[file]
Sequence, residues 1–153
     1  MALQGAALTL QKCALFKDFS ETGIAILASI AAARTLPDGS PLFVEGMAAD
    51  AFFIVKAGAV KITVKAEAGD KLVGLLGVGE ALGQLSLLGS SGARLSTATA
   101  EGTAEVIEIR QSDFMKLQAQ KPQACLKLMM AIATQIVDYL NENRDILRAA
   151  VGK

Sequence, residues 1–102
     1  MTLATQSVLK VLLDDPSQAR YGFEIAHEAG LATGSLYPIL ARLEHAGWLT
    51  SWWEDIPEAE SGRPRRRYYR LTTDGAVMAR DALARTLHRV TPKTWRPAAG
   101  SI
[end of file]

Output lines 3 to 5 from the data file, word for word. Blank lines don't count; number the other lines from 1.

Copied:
    51  AFFIVKAGAV KITVKAEAGD KLVGLLGVGE ALGQLSLLGS SGARLSTATA
   101  EGTAEVIEIR QSDFMKLQAQ KPQACLKLMM AIATQIVDYL NENRDILRAA
   151  VGK